Although two condominium units recently sold at 95 Audubon Court in New Haven, a lack of new development has caused the city’s condo sector to pale in comparison to its booming apartment market.

Despite state and national trends, condominiums apparently are being bypassed in New Haven’s busy residential market – a market that has seen a tremendous boom in apartment development and an increase in single-family sales.

Nelly Odenwelder, manager of H. Pearce Co. Real Estate’s downtown New Haven office, explained that while condominium sales are good, actual units are few and far between in the city.

“What we’re finding here in the downtown office is that New Haven seems to be experiencing a resurgence of sales, not only in residential homes but in condos as well,” said Odenwelder. “As quickly as condos are listed, they’re being sold.”

She said that is due, in part, to the limited number of units available. In the New Haven area, developers are no longer converting old buildings into condos and are instead focused on apartments.

“We just don’t see condos that often. A few years ago, builders were developing condos and elderly housing, and now we don’t see those complexes, and we don’t see factories being converted. It’s just not happening,” Odenwelder said.

“I suspect that this may have something to do with apartment construction in New Haven,” she added. “There seems to be enough apartments available now, but they had been a limited commodity, with New Haven being a university city.”

Odenwelder recently listed one-bedroom condo units at 95 Audubon Court that closed for more than their asking price. One unit listed at $295,000 sold for $310,000, and a second unit listed for $169,900 sold for $190,000

“We’re seeing places going for well over asking price,” she said. “There is just such limited supply. We would love to get condos downtown, but there’s just no one building them right now.”

‘Longer-Term Investment’

Apartment construction has flourished in downtown New Haven for the last few years. The Straus-Adler building on Olive Street, known as the Smoothie building, was once the home to corset manufacturers and has now been converted to luxury rental units. Odenwelder noted that rents are as high as $2,000 a month at the complex, which is managed by New London-based Accord Properties.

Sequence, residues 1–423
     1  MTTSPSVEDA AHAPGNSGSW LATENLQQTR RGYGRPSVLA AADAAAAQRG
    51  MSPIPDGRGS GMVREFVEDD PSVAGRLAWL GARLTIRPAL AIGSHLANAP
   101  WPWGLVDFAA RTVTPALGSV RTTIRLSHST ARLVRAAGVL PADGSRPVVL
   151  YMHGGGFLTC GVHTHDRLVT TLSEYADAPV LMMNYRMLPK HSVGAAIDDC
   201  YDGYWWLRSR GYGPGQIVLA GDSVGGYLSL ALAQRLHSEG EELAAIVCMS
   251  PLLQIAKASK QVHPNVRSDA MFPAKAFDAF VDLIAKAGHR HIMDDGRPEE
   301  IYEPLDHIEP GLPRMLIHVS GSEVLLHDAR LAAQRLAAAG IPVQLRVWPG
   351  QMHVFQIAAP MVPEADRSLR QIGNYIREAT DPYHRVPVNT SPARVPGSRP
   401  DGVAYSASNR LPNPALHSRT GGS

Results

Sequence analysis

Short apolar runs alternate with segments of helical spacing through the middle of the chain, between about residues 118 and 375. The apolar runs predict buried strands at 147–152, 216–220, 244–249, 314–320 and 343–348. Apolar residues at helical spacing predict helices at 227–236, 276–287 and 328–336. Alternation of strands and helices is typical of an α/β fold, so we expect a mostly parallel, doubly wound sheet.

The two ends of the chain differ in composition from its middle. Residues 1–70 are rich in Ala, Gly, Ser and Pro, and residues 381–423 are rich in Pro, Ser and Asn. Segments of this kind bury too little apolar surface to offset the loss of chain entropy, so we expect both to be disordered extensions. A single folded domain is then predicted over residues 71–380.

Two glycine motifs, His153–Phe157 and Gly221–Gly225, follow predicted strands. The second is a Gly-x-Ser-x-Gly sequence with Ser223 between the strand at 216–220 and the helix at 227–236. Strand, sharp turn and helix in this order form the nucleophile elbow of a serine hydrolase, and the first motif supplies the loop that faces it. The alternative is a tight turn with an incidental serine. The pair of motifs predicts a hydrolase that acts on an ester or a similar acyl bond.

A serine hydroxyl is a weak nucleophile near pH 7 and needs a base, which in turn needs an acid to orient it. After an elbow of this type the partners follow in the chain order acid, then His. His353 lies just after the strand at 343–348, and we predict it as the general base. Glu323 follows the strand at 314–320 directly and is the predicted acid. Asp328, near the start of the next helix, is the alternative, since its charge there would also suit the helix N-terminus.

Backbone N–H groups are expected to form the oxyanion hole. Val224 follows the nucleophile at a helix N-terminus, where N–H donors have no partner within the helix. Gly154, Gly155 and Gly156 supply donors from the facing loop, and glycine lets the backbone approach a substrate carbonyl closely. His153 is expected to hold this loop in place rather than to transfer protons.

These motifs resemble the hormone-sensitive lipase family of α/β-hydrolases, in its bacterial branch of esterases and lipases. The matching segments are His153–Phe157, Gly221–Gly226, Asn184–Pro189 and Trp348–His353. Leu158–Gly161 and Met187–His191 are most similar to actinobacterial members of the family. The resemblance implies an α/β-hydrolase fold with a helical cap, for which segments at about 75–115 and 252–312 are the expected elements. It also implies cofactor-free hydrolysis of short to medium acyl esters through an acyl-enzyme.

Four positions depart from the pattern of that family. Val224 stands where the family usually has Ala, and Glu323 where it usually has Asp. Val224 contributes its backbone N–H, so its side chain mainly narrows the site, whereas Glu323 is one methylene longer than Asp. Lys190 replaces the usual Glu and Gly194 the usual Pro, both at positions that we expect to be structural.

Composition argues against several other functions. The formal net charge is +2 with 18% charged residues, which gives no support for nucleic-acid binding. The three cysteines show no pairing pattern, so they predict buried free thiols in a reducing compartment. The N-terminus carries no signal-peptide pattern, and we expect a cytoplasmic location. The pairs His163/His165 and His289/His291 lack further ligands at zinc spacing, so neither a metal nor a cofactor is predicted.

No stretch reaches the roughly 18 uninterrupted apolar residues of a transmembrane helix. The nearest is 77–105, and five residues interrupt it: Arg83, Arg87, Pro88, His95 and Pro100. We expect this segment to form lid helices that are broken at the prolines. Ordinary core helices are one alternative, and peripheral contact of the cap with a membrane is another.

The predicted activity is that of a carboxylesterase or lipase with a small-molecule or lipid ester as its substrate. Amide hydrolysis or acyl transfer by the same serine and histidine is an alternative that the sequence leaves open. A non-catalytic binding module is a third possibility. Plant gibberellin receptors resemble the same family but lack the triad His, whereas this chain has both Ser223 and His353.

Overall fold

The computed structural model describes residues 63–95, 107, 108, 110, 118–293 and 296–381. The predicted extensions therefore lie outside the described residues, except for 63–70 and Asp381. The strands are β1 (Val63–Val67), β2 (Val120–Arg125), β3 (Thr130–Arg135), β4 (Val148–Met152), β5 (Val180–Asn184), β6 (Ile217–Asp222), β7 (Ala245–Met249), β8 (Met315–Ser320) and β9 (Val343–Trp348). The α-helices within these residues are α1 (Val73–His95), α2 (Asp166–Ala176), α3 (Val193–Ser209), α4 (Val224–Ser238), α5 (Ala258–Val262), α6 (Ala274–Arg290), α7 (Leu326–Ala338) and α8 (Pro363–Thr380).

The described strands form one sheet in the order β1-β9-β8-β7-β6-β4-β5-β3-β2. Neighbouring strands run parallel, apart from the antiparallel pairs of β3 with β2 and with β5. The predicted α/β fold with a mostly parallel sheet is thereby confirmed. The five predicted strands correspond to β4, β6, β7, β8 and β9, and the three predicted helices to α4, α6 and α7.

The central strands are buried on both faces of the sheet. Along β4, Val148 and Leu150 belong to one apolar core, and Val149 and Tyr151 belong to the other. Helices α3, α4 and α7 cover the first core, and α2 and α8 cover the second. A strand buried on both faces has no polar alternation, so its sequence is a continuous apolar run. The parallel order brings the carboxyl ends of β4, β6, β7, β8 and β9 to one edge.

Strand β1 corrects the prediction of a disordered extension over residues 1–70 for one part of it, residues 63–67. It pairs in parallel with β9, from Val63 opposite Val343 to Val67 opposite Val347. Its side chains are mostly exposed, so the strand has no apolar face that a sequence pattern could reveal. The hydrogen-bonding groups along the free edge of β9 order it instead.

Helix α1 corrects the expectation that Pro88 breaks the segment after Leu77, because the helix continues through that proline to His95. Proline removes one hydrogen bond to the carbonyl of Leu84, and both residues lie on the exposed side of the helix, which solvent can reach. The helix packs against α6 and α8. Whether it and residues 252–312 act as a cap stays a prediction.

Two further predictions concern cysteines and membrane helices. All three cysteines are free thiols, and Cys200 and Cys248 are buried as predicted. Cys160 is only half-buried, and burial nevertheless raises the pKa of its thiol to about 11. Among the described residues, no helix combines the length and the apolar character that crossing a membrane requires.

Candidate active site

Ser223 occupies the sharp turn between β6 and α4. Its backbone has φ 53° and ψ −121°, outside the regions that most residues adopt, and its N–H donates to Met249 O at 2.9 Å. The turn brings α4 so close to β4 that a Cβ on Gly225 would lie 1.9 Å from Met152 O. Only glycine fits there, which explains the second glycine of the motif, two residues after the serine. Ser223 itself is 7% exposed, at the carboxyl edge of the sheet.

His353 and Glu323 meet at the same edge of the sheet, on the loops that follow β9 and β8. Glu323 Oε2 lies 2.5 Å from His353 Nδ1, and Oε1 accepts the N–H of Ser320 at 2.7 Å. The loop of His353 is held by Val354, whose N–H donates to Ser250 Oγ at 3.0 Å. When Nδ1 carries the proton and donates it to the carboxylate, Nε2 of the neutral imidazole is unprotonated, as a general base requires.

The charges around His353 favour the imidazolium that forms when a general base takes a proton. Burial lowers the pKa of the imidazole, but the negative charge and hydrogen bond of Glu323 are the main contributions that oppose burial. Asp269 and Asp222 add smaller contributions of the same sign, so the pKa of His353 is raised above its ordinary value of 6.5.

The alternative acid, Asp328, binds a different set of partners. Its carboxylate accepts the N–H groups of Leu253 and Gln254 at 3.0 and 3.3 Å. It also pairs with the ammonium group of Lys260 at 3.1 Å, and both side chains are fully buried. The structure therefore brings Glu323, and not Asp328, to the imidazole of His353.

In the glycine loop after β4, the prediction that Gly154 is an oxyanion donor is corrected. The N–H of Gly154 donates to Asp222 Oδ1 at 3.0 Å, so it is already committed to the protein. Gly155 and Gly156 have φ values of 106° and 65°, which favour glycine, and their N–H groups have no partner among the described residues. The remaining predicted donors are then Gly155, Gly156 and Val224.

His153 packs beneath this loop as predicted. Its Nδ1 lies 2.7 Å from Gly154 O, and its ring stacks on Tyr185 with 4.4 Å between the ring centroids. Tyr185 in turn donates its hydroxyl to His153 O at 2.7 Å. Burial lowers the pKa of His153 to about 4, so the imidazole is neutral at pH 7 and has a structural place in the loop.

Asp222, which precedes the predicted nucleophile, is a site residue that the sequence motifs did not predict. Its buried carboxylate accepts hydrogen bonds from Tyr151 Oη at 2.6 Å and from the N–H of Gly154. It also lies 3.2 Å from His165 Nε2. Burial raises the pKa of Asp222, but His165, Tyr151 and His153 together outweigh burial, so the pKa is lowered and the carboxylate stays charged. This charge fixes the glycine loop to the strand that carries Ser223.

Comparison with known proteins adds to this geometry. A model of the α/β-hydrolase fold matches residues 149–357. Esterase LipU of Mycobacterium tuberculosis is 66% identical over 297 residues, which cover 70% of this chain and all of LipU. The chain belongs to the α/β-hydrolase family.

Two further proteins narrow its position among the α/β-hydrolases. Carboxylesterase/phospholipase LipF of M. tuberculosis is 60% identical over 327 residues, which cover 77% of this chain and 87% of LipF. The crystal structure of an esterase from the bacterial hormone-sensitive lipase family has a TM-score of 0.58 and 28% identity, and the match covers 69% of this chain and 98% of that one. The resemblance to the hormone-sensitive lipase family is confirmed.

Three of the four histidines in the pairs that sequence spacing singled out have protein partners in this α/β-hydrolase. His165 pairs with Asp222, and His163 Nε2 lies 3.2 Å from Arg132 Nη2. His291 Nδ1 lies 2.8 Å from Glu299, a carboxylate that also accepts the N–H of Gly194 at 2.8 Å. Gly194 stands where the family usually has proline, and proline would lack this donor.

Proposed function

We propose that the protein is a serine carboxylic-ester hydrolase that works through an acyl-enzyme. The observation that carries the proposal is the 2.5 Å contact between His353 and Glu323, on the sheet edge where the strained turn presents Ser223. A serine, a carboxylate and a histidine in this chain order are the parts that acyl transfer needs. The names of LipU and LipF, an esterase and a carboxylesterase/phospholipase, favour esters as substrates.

Another group of investors purchased 227 Church St., the former Southern New England Telephone building. The multi-story, 140,000-square-foot facility also has been taken off the office market and converted to apartment space.

In addition, 900 Chapel St. has 180,000 square feet of space facing the Yale green. Five floors of the building will be converted to apartment space while the rest will be left for office purposes.

Odenwelder noted that much of the apartment market is taken up by such large-scale projects. Rarely do renters find anything available in multifamily homes. The larger, conveniently located towers often ask higher rents but offer amenities such as fitness centers alongside their central location.

Also, because of the construction of the Q Bridge – the multi-lane Interstate 95 Quinnipiac River crossing – commuting is proving difficult for many residents of the area. Therefore, said Odenwelder, the decision is often made to remain in the downtown area rather than move out to the suburbs. With very few condos in the downtown, apartments look attractive.

“I myself moved into the downtown recently and find that it’s absolutely great. It’s not a city that closes up at 5 o’clock,” Odenwelder said.